The Houston Sun
Several hundred people gathered for the annual Black Heritage Society’s (BHS) memorial candlelight vigil on April 4 to remember the life’s work of Dr. Martin Luther King, Jr. (MLK) Having the newly installed Dr. Martin Luther King, Jr.’s plaza in MacGregor Park, it was the place to be. Organized by BHS vice president Sandra Massie Hines, the program included “A Moment in Time” film with Tom Jones where he discussed Prairie View A&M University’s choir having sang for Dr. King the night before his death. A skit about Rosa Park and the Alabama Bus boycott and a musical by Khalia K-Night was entertainment and content discussion. T
he 39-year old King was assassinated on April 4, 1968, 47 years ago on the balcony of the Lorraine Motel in Memphis, TN. The day before King spoke about having seem the mountain top stating that he may not get there with us, but we shall get there. King the minister was remembered by local ministers with prayers from Rev. James Nash, Rev. Melvin Bradford and others.
In the year of 2014, Dr. King was honored after 33 years of work by a transplanted Houstonian Ovide Duncantell who kept a promise made to Dr. Martin Luther King’s father. “I fought with the city of Houston for 33 years to put up this Dr. King statue that looks like him. And I thank Ben Hall for putting up the cash to pay for this statue so that I would not have to bow down to the city or METRO,” said Ovide Duncantell, the President and Founder of the Black Heritage Society.
Duncantell welcomed his friends for years of support calling them to come forward to stand with him as speeches were made. He called his long-time friend Johnny Matta from the Coalition of Justice stating that they have had many battles together. Matta congratulated Duncantell saying, “He has done more than any three men have done for this city.
Elected officials brought recognition and certificates of appreciation from Representative, Ron Reynolds, State senator Rodney Ellis sent a representative, Jeremy Brown with his certificate and Aston P. Wood told the audience that Congresswoman Sheila Jackson Lee would be coming. Upon Jackson-Lee’s arrival she thanks Duncantell for his years of service. Lee went further to discuss the recent Iran agreement framework saying that President Barack Obama should be congratulated for opening talks that had been closed since 1979 following the hostage crisis during President James “Jimmy” Carter’s administration. The congresswoman charged her colleagues and the audience to not speak without knowledge calling the steps to deal with Iran’s tentative agreement as an opportunity for peace. She connected standing at the MLK monument, the man of peace, with the need to seek international peach.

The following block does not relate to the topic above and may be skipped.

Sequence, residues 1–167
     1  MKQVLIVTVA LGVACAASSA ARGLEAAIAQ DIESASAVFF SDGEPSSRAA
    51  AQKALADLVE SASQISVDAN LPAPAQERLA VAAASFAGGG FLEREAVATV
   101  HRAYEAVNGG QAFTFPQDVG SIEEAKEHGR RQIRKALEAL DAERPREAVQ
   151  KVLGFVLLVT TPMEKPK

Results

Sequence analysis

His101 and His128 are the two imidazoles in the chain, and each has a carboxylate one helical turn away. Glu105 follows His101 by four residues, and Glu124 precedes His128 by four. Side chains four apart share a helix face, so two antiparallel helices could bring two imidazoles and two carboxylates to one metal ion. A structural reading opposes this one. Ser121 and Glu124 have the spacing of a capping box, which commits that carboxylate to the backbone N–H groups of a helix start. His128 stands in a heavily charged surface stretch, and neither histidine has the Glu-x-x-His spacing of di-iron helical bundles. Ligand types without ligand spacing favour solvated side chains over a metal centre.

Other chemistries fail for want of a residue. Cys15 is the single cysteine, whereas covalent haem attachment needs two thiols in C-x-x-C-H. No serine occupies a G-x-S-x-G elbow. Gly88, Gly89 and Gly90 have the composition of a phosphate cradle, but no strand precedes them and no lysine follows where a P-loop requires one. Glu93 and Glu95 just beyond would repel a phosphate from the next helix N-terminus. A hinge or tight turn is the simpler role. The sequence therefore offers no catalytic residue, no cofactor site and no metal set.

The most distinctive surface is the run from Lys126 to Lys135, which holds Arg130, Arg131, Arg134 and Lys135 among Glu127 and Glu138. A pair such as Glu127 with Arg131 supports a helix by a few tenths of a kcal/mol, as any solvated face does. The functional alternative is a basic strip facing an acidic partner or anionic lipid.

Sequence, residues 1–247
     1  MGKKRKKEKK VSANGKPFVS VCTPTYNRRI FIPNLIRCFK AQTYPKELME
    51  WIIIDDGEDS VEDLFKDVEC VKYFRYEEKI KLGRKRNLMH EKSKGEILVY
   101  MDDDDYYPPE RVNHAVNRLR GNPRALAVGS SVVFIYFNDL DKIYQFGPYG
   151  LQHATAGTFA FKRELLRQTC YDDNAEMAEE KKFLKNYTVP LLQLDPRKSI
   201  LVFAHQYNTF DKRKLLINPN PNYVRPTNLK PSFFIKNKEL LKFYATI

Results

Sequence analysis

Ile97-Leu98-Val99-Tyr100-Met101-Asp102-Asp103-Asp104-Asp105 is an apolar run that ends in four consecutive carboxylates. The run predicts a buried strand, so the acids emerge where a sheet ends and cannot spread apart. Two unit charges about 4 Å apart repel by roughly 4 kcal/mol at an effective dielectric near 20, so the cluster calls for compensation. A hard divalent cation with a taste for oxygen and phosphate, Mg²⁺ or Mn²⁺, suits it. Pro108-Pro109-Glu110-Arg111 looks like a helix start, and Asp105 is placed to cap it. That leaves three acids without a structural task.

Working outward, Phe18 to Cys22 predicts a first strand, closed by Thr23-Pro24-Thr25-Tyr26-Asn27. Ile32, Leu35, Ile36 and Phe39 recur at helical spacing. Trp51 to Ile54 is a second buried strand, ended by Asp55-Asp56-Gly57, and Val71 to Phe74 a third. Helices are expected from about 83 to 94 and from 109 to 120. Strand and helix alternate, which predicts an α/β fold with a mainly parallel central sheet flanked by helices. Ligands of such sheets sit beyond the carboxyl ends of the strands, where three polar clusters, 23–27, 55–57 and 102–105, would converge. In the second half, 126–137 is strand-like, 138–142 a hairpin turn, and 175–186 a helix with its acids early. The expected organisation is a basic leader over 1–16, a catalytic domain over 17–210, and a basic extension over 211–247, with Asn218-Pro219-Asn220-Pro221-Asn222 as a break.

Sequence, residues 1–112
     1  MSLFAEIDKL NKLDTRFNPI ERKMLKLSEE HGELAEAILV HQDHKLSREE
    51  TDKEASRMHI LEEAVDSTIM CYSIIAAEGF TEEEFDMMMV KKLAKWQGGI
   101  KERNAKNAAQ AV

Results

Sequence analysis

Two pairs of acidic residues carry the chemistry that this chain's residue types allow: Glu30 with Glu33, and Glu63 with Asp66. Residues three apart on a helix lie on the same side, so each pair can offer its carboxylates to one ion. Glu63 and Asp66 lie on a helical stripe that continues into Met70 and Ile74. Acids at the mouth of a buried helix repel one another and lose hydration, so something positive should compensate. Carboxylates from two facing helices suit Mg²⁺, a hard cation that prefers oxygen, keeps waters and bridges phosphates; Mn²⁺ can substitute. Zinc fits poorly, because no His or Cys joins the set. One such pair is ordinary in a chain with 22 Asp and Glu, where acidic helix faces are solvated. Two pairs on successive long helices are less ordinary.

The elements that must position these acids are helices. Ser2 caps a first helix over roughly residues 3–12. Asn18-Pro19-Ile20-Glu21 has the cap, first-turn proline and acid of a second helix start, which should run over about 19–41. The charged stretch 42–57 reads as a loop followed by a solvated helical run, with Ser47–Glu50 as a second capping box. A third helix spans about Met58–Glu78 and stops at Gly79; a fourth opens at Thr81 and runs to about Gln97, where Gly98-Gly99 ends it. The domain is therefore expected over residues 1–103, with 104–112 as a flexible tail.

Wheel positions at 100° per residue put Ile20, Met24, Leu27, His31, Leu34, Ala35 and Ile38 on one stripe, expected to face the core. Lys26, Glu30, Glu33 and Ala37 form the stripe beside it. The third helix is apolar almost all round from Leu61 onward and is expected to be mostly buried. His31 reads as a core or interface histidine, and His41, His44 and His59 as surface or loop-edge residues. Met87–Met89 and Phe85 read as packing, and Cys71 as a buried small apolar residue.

Pointing to Congresswoman Lee, Duncantell said, “We would not be here at the MLK plaza without this lady. She brought the bacon home getting a million dollars for this project.” While standing on the side and observing the program, Stephan Garrett, 40 said, “I am here to support my people and what is going on in the black history movement. I want everyone to get along and not be discriminated against because of the color of one’s skin.”
After prayer and each individual calling on the names of a person whom he or she wished to remember, who has made a difference in their life or in the world, the candles were lit, followed by the singing of “We shall Over Come”. The Black Heritage Society ended its reflections of Dr. King’s service on the day of his assassination with a prayer sending the peaceful crowd away chanting and speaking of hope.